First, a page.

SASKATOON — Infrastructure work that would improve traffic flow in the area where a grocery store will be built downtown will push through after the city of Saskatoon's standing policy committee on transportation approved the plan.
All five members of the committee voted in favour of the recommendation for traffic signals in the area where the local office of Vancouver-based Arbutus Properties is looking to open a second location of Pitchfork in Midtown.
The local developer requested traffic signals be put in place for motorists coming from the western and northern areas of the city at Idylwyld Drive to easily turn left toward Auditorium Avenue, where the planned Pitchfork Market + Kitchen will be built.
The committee, chaired by Ward 9 councillor Bev Dubois, recommended to city council that the administration and Arbutus Properties identify a build-out per cent-complete threshold that will provide certainty of a downtown grocery store opening in Midtown.
Improvements at the Idylwyld Drive-Auditorium Avenue intersection will be implemented once Arbutus Properties meets the threshold in a report that’s part of the Imagine Idylwyld initiative by the City of Saskatoon.
The upgrade of the intersection along Idylwyld Drive and Auditorium Avenue and other traffic improvement projects in the area would cost $220,000 and be funded through the reserve capital expenditures process.
The Saskatoon office of Arbutus Properties opened its first Pitchfork store in Rosewood near the Meadows community.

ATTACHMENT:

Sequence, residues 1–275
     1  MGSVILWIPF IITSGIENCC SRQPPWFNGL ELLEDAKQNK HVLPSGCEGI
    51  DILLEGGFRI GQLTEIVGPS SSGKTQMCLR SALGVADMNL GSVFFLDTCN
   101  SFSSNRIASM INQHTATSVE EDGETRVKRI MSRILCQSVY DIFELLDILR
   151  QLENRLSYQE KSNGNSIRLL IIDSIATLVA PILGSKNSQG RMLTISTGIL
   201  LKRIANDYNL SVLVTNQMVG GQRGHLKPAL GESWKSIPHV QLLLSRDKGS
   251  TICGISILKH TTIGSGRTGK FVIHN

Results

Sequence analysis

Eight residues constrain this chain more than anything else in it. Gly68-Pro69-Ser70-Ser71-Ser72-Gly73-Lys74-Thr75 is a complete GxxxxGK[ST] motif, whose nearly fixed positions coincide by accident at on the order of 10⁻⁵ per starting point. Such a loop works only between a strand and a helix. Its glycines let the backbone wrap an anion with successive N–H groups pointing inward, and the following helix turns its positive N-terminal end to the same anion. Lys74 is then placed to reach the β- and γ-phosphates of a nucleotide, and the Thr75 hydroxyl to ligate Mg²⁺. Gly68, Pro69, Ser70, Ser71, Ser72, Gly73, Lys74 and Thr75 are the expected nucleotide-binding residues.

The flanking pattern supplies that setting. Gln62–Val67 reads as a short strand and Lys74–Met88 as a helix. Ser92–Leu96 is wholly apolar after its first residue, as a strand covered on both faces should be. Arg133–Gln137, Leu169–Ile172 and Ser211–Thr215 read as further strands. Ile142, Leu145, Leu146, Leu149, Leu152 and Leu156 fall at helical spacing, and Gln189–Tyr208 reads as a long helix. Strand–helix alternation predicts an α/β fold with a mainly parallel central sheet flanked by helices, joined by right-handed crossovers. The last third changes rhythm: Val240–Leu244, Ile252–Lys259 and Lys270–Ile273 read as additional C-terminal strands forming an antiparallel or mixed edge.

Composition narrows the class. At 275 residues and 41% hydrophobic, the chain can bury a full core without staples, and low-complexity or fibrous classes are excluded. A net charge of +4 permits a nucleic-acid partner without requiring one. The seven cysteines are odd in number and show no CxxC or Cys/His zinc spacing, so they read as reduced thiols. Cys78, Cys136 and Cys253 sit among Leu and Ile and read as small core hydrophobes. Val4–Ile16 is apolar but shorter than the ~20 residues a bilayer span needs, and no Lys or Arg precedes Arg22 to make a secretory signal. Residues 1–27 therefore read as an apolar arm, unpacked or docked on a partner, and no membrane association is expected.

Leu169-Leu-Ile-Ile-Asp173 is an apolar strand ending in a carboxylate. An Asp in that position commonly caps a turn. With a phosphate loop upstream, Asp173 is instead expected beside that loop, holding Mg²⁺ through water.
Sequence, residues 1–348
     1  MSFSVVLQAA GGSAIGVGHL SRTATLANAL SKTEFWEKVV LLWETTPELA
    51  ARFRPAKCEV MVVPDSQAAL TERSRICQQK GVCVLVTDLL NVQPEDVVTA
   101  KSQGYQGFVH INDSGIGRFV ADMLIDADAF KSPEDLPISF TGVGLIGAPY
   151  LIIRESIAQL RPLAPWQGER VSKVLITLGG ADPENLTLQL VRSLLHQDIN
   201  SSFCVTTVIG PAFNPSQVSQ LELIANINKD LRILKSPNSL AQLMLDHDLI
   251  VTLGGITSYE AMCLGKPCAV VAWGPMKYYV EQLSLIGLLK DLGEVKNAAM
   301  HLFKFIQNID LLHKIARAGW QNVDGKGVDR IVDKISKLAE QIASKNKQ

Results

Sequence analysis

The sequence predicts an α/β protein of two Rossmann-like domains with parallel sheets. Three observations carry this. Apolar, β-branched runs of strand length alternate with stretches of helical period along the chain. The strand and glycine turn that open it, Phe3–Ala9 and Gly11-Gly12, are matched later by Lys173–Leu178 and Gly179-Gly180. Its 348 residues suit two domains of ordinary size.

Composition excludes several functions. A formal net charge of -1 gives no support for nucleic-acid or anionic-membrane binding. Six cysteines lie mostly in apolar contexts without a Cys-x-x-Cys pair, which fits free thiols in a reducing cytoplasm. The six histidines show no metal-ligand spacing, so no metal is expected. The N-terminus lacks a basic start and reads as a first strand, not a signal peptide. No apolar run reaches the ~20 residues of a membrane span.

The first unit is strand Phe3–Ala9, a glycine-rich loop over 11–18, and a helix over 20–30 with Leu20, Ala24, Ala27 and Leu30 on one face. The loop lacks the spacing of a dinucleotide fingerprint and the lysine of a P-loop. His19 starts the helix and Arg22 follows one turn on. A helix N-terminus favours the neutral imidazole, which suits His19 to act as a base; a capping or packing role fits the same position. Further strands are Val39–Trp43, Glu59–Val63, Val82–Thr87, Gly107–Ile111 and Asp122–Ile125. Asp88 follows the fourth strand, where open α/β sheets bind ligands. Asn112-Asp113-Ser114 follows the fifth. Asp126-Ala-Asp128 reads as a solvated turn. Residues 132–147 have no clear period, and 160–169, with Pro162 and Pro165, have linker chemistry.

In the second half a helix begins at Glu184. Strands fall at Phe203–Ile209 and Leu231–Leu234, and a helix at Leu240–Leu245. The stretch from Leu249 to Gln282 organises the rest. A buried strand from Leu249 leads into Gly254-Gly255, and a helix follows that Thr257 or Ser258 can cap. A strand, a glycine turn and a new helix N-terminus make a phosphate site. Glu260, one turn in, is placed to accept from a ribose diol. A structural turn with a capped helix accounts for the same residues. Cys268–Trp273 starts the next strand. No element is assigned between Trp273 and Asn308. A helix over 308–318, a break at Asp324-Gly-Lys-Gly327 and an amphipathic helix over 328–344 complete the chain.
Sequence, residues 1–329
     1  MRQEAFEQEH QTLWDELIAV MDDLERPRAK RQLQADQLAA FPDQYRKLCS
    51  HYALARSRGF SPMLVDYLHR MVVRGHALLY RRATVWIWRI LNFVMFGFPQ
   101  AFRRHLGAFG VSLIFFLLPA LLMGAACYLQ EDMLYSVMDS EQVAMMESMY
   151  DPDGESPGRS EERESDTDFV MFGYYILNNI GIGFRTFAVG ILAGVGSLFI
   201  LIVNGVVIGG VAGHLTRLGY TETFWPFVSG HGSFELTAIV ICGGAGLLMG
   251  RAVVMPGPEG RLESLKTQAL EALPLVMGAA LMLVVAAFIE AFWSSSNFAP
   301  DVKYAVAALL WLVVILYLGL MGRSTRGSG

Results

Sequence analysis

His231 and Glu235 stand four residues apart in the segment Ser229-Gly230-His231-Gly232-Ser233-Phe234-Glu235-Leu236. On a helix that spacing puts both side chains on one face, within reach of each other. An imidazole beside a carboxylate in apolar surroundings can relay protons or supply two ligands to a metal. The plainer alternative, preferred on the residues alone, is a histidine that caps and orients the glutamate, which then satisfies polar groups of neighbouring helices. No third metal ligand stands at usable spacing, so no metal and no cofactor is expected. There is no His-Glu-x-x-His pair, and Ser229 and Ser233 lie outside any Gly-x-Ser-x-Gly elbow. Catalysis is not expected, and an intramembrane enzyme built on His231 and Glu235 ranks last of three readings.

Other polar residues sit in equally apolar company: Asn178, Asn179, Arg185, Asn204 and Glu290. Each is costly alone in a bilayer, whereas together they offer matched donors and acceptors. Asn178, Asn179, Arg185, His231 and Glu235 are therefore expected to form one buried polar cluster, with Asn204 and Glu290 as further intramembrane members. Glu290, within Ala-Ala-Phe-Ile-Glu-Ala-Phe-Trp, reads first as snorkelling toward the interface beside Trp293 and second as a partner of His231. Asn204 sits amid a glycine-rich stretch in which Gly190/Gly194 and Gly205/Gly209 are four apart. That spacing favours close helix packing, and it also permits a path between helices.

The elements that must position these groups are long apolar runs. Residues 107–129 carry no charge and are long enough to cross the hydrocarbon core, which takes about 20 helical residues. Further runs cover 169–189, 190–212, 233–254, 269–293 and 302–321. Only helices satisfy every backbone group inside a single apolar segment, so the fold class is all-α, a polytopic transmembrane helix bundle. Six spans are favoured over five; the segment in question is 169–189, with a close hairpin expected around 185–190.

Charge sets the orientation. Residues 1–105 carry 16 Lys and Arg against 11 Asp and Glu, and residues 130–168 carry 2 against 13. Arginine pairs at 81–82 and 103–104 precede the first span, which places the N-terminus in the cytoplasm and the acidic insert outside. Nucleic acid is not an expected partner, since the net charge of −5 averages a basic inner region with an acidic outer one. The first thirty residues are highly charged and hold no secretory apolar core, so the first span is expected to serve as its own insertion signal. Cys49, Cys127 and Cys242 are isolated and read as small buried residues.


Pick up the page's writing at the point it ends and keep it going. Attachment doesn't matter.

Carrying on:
Arbutus Properties planning director Murray Totland, answering an inquiry made by Ward 5 councillor Randy Donauer on the impact of having traffic signals in the area, said it would be easier for motorists going to their store to turn left to Auditorium Avenue.
“I don’t believe the existing pedestrian signal provides the greatest level of access and safety in that intersection. The fact that there are recommendations for improvement suggests the need for it in that intersection,” said Totland.
Totland told SASKTODAY they did their own study of traffic flow in the area without hiring a consultant and based everything on data and other information from the city.
“We have inhouse expertise in this area and we reviewed traffic data, parking data and every bit of information that is available from the city. We based our assessment on those data. We’re looking for [Pitchfork] locations in downtown and this one popped on the top of our list,” said Totland, who is an engineer.
Other members of the Transportation Committee are vice-chair Zach Jeffries of Ward 10, David Kirkton of Ward 3 and Hillary Gough of Ward 2.